Sustainability in Agriculture

Sustainability in Agriculture

Farm-to-table is a becoming a popular trend in America, and Chattanooga is no exception. The number of restaurants that source their food locally and seek ethical farming practices are growing exponentially. We are becoming a city that recognizes a need for change in agriculture.

One of the first main attempts at getting local farms’ food available to the people of Chattanooga was the Sunday Market in the First Tennessee Pavilion. The Sunday Market became the place for families to spend their Sundays, looking at the art, eating food from the food trucks, and buying local produce like those exceptionally delicious summer strawberries. Now there are farmer’s markets all over the city of Chattanooga, another example of our growing awareness. 

At this point, people know they should be buying organic food, or going to farmer’s markets, but a lot of people don’t really know why these purchasing practices are important. The main narrative is that organic is supposed to mean it’s healthy, right?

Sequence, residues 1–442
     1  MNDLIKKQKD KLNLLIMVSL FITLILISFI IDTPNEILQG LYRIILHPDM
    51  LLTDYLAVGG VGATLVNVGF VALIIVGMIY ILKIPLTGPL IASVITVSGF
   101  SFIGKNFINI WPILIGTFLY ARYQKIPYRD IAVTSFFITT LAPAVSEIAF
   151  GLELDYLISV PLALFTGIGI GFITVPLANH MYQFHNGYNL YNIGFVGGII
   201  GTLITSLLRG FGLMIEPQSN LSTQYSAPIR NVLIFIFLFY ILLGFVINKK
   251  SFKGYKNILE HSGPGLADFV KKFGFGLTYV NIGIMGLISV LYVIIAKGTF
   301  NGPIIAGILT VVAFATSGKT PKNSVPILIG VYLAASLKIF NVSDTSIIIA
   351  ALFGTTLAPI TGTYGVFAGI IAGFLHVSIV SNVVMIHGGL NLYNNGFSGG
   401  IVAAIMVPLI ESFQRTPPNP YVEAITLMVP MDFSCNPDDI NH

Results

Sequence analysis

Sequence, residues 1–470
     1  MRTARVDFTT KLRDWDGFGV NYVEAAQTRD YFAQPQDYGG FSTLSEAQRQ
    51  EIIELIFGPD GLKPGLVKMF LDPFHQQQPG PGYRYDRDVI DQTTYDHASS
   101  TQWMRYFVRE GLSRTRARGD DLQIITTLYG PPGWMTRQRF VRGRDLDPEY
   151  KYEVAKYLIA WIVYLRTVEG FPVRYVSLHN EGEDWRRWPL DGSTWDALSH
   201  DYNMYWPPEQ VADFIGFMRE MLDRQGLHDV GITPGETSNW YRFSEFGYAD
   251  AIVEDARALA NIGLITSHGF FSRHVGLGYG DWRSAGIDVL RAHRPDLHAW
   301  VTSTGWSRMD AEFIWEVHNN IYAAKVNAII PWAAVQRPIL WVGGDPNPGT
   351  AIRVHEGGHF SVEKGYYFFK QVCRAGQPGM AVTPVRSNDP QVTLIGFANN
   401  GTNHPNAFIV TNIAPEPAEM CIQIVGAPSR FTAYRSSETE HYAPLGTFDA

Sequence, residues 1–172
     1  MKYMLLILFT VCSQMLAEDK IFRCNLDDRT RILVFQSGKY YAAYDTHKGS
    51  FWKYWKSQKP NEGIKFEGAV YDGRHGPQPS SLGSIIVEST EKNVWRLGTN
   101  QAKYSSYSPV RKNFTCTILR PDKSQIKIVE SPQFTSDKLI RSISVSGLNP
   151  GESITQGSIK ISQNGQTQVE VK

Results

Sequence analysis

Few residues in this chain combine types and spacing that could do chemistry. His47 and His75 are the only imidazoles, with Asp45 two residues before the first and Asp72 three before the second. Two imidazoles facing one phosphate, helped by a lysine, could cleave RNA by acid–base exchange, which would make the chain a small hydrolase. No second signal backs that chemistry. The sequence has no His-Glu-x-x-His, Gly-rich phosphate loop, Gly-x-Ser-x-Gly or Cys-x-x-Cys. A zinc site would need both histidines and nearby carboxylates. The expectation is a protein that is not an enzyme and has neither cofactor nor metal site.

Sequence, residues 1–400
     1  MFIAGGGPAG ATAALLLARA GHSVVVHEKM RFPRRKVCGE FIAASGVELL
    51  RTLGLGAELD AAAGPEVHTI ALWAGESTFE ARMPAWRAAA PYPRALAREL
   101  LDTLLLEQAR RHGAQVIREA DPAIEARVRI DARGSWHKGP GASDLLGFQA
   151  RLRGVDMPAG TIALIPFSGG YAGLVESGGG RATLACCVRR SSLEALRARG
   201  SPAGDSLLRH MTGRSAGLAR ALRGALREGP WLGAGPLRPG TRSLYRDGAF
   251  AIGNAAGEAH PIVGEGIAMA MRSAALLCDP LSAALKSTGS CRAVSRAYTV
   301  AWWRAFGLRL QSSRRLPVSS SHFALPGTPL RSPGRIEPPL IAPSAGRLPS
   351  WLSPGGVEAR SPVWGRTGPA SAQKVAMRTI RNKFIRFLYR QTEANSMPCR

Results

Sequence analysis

While this is partially true, it's not the whole story. "Organic" ultimately means that it is sustainable. Our modern industrial farming practices have begun to disregard what’s going to be best long-term. It’s easiest to grow food only thinking about the now. Using pesticides and herbicides helps protect the plant in this particular growing season, but what happens when it runs off into water sources and kills the fish?

See, we have forgotten that soil is alive. We treat soil like it will always serve us, but our soil took hundreds of thousands of years to become the amazing ecosystem that it is. Every time that we put fertilizer in the soil, we are damaging the delicate balance in place. Sure, it’s absolutely easier to use fertilizer so that we can grow out of the same field every season, but eventually that soil is going to give up, and then what will we do?

Growing food organically means growing it without chemicals, which of course is healthy for your body, but ultimately it’s what will help the land last the test of time. Aiding in keeping the land alive is true sustainability. We must be sustainable in agriculture in order to keep it all going.


You can have an impact on sustainable agriculture by supporting farms with ethical farming practices. Head out to Crabtree Farms and have a look at their fresh squash or lettuce. Stop by the Main Street farmer’s market on Wednesday afternoons and talk to the people who are passionate about food and agriculture. Shopping sustainably starts with shopping locally.